Ozone layer is healing, finds UN report

An UN-backed report has found that the ozone layer is healing, providing proof of what global achievements can achieve and inspiration that ambitious climate action can halt a catastrophic rise in world temperatures.

Released every four years, the latest Scientific Assessment of Ozone Depletion report shows that the concentration of ozone-depleting substances continues to decrease. In fact, ozone in parts of the stratosphere has recovered at a rate of 1 to 3 per cent since 2000 and is scheduled to heal completely in the Northern Hemisphere and mid-latitude by the 2030s at projected rates. The Southern Hemisphere is expected to heal by the 2050s and the polar regions by the 2060s.

The UN unequivocally states that the healing is “due to internationally agreed actions carried out under the historic Montreal Protocol, which came into being over 30 years ago”. It was signed after it was revealed that chlorofluorocarbons (CFCs) and other ozone-depleting substances used in aerosols, cooling and refrigeration and many other common items were tearing a hole in the ozone layer.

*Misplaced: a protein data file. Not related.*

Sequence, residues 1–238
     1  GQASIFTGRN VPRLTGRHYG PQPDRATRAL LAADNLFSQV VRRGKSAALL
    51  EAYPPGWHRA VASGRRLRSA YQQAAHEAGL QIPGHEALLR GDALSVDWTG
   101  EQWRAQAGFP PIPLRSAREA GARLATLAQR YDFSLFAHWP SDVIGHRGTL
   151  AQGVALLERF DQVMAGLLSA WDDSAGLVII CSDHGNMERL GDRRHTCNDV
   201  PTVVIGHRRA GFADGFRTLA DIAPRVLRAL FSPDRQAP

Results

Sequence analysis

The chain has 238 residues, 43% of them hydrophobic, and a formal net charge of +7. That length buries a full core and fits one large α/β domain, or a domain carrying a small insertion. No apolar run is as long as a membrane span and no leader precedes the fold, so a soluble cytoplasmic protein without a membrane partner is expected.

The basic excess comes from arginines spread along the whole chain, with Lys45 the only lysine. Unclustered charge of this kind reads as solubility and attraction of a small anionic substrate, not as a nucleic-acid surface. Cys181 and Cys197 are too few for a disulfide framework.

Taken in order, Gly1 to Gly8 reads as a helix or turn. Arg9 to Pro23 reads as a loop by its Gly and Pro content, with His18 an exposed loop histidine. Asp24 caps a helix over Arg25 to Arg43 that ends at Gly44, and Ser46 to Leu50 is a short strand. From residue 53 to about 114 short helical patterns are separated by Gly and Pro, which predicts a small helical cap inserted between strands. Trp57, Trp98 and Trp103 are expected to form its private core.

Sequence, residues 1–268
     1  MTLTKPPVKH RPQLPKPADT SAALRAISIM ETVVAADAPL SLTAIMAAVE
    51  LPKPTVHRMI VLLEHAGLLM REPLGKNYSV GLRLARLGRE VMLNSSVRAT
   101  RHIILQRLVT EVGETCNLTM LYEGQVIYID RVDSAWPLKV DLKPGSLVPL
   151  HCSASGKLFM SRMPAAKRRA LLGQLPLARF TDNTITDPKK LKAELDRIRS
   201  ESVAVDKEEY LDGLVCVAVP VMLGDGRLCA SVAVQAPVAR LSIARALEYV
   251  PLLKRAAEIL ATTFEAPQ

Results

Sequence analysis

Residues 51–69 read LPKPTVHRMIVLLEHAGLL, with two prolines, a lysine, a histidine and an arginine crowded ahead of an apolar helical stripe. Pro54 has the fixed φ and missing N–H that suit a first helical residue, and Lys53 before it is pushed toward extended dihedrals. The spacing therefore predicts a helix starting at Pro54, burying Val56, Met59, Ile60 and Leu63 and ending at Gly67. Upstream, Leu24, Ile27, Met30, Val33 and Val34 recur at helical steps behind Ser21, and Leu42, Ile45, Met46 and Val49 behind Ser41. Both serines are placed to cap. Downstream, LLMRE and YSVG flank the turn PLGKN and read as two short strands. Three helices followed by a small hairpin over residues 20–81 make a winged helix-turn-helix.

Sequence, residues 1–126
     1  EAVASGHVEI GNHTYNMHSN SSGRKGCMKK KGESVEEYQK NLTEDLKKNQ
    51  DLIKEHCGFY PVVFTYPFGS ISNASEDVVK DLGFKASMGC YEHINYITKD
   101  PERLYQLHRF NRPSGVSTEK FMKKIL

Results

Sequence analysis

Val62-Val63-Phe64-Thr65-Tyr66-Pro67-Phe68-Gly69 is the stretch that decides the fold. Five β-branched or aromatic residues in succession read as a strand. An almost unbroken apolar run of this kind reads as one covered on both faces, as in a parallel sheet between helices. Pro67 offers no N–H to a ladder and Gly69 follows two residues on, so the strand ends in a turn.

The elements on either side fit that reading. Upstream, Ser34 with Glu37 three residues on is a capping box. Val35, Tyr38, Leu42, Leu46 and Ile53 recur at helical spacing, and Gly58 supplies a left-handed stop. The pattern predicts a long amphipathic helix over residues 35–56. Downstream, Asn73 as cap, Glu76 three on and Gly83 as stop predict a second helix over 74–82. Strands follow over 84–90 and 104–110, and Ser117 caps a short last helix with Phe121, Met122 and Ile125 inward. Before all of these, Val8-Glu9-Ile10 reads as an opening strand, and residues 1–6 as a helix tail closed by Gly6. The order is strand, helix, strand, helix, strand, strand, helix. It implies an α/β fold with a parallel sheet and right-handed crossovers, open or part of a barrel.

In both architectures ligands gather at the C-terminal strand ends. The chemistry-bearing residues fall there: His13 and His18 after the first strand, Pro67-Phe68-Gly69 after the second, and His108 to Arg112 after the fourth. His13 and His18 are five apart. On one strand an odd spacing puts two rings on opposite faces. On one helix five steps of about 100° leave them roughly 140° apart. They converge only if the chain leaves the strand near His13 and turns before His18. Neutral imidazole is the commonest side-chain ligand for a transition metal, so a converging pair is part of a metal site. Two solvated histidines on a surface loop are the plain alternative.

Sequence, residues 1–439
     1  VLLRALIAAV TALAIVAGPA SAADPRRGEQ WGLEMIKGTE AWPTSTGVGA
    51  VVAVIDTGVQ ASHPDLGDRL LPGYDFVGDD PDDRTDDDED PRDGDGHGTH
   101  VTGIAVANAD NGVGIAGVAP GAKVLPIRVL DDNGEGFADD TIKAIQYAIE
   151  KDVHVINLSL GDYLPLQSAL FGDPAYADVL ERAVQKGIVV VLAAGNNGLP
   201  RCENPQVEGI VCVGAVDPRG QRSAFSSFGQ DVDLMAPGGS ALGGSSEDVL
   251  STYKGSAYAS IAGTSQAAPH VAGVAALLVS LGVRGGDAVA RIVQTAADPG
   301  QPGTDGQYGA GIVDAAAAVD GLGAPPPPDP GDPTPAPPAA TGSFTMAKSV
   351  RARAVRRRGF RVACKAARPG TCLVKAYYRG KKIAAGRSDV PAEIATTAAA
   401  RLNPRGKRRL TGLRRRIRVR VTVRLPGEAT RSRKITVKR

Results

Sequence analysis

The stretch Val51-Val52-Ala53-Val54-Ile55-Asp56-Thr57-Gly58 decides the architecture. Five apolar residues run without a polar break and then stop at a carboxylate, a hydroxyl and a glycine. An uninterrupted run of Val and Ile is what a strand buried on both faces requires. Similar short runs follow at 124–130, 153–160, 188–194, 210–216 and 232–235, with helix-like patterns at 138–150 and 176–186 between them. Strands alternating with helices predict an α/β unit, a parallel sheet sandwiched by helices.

“The Montreal Protocol is one of the most successful multilateral agreements in history for a reason,” said Erik Solheim, head of UN Environment. He lauded its “careful mix of authoritative science and collaborative action”, which is set to be strengthened with the ratification next year of the Kigali Amendment, which calls to slash the future use of climate-warming gases in refrigerators, air conditioners and related products.

According to a UN press release, the findings in this new report “provide a ray of hope” less than one month after the Intergovernmental Panel on Climate Change (IPCC) released a report that described the catastrophic effects of a 2°C temperature rise.

If the Kigali Amendment is fully implemented, the world could avoid up to 0.4 per cent of global warming this century, meaning that the amendment has the potential to play a major role in keeping global temperature rise below 2°C.

Image credit: NASA


You may also like...

Leave a Reply